With record-breaking snowfall amounts already this season plus a top of the line Nordic trail system, Crested Butte is a great winter destination for outdoor adventurers–especially snowshoers. And, its central location just a four hour drive from Denver makes it a great weekend getaway. Here are some tips to enjoy a great Crested Butte snowshoe vacation.
If you’re coming to snowshoe, you’ll want to stay at the Old Town Inn located within walking distance to both the Crested Butte Nordic Center and the Main Street downtown district for easy access to gear rentals, restaurants, bars and shops. The Old Town Inn has a warm, cozy atmosphere and all the comforts of home, including a fantastic complimentary breakfast featuring hot and cold items as well as the town’s legendary Camp 4 Coffee. The outdoor, covered hot tub and free chocolate chip cookies (which are fresh-baked every day at 3 p.m.) are welcome treats after being out in the cold all day.
Those who wish to stay closer to the ski resort can find a variety of hotels and condos available (check out the Elevation Hotel & Spa for a luxurious yet affordable option.)
Eat & Drink
Although Crested Butte is a very small town, it is chock-full of great places to eat, drink and socialize. If you just have a day or two, put the tamale platter at Teocalli’s, pad thai at the Ginger Café and a nightcap at the Dogwood Cocktail Cabin at the top of your list. If you have extra time (or are extra ravenous) add in a bowl of lamb korma at the Sherpa Café and late-night drinks at Kochevar’s Saloon. For a romantic evening, make reservations in advance to dine at The Sunflower or the Soupcon. And no visit to the Butte is complete without a stop at Montanya Distillers, whose award-winning white rum was named one of the best in the world, and Camp 4 Coffee, a local icon, for liquid souvenirs.
The ski resort has an array of restaurants and bars as well, but it seems to wind down pretty early in the evening. And most of the shops close soon after the lifts power down putting a harsh hush on the après scene at the base.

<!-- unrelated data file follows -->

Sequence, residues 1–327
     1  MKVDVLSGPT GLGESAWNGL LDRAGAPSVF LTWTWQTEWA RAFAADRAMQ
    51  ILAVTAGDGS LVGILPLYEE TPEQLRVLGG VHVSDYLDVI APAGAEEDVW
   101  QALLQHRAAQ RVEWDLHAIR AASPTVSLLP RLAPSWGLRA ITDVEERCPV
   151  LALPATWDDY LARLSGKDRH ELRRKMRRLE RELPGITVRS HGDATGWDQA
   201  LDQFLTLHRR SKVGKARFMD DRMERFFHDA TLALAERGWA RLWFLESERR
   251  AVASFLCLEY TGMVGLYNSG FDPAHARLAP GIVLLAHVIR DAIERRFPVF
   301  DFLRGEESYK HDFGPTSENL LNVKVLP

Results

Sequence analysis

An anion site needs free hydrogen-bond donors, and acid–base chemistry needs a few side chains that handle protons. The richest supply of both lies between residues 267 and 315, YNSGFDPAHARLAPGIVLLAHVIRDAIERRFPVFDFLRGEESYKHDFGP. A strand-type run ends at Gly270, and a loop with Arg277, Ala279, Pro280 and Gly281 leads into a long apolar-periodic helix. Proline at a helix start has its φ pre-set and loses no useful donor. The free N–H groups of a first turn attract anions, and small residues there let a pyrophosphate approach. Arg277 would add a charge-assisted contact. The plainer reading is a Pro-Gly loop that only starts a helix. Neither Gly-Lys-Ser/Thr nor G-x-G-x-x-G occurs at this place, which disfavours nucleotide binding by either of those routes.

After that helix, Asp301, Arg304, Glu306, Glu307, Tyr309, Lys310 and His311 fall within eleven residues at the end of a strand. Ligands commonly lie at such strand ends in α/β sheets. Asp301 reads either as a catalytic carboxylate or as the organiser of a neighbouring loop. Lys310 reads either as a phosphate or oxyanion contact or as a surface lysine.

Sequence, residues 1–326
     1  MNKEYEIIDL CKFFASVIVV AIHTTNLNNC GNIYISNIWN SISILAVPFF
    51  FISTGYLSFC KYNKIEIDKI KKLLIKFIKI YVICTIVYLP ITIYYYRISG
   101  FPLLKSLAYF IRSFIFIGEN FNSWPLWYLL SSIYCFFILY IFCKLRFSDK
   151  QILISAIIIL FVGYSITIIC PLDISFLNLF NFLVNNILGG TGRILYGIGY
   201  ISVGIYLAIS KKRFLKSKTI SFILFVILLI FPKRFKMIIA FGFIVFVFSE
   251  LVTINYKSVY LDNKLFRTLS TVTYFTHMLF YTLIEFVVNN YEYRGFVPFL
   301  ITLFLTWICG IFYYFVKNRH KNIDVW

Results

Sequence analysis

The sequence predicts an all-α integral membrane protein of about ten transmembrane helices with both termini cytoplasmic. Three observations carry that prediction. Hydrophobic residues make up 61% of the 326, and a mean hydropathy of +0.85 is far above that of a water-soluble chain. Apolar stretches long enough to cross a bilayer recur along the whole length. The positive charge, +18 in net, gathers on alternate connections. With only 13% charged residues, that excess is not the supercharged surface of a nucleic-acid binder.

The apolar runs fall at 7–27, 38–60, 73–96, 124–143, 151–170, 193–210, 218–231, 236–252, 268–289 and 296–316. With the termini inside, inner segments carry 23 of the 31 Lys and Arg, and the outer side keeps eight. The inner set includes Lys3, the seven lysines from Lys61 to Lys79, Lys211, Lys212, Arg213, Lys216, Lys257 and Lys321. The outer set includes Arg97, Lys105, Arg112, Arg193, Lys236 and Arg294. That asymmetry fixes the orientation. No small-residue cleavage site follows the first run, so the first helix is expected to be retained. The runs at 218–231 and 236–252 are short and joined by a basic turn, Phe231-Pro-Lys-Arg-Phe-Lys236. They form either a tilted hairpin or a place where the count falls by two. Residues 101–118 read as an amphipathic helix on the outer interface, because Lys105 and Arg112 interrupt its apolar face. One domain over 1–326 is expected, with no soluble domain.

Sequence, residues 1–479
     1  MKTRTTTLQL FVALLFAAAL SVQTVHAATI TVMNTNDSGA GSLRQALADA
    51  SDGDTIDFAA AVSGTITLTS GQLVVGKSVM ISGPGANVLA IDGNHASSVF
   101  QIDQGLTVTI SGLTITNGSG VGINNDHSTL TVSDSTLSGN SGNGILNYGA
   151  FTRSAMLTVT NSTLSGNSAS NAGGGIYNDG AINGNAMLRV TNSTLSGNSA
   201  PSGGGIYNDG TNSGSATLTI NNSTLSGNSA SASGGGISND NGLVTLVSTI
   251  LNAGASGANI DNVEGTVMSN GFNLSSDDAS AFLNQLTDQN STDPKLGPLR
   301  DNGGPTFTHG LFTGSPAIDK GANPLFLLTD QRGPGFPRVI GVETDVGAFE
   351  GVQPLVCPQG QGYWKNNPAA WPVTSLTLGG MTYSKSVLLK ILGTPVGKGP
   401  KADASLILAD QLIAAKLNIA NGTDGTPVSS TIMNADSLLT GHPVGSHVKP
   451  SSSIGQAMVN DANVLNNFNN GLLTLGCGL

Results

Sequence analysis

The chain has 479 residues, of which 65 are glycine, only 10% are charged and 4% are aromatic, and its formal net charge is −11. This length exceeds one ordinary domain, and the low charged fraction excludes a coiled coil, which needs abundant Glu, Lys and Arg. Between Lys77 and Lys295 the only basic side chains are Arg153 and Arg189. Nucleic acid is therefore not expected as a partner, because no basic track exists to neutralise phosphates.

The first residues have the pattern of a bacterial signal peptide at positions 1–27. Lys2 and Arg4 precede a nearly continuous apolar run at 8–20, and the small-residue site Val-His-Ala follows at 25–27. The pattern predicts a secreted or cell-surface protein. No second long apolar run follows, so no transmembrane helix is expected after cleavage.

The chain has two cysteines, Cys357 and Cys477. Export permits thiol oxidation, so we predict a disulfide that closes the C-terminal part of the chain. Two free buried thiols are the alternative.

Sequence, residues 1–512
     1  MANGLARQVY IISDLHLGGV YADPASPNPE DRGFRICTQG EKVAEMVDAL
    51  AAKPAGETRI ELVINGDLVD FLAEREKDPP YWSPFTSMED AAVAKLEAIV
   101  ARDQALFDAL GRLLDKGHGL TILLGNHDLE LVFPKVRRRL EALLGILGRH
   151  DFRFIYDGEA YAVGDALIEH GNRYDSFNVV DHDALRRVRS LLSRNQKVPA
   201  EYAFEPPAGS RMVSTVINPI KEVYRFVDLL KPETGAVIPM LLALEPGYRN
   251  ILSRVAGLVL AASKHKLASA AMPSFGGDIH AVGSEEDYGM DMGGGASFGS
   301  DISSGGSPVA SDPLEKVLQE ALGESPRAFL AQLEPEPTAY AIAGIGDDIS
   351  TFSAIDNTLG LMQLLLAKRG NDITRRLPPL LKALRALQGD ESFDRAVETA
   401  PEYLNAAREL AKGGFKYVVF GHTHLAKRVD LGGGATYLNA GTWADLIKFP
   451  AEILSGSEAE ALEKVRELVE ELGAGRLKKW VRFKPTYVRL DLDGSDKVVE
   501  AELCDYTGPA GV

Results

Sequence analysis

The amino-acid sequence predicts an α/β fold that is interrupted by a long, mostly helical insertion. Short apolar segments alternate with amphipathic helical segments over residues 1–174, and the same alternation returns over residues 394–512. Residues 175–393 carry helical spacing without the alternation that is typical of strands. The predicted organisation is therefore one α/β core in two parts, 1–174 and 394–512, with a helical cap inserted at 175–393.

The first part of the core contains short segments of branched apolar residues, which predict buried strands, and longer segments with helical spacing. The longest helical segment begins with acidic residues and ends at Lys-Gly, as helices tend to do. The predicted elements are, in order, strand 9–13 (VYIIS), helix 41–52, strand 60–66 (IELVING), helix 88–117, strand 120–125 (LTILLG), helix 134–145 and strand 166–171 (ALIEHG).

Being a mountain town (and one that received a whopping eight feet of snow in January alone) Crested Butte is a winter sports-person’s paradise and self-described “Nordic Ski Capital of Colorado.” From the challenging terrain of the slopes at Crested Butte Mountain Resort to the expansive Nordic trail system in town to the backcountry trails of the three National Forests that surround it, there are snowshoe opportunities galore.
Start at the Crested Butte Nordic Center in town to obtain a free map and advice on where to go based on your ability level and time allotment. Although the center doesn’t offer snowshoe-specific trails, snowshoers are welcome to trek alongside 50 kilometers of groomed Nordic tracks which meander all over town offering quick and easy access to beautiful scenery and delightful solitude.
The trails off the Lower Loop Trailhead around Peanut Lake are especially lovely and provide access to the Magic Meadows Yurt, where “backcountry gourmet” dinner experiences are offered throughout the winter season ($135 per person, reservations required). The yurt also operates on Sundays as the Backcountry Bistro, a warming hut offering coffee, tea, pastries and snacks from 10 a.m. to 2 p.m. (trail pass required: Adults $20, free for kids under 17 years old.) Snowshoe gear rentals, lessons and backcountry guided tours are also offered at the Nordic center.
At the Crested Butte Mountain Resort, guided snowshoe tours leave every day at 12:30 p.m. providing a great way to get some fresh air and exercise while also learning about the area’s history and geography ($90 per person includes gear, guide and snacks). The resort also welcomes snowshoers to participate in group treks up to its new Umbrella Bar for food, drinks and amazing mountain views with events like Full Moon at Ten Peaks (once a month January – March) and Sunset Soiree’s (Tuesdays in March).
Since you can’t exert and eat all day, every day, spend some time exploring the town’s leisure activities from shopping to spas—including several nearby hot springs (check out Mount Princeton Resort near Buena Vista or Waunita Hot Springs Ranch near Gunnison.) The shopping along Main Street rivals any Colorado mountain town twice its size. There are outdoor gear shops on every corner with everything you might need from carabiners to hiking boots, but for something truly special head to Rooted Apothecary for herbal skincare products (and a massage or facial, too, if you like); Casa Bella for nice home goods and hostess gifts; or Townie Books for a coffee table addition by a local author.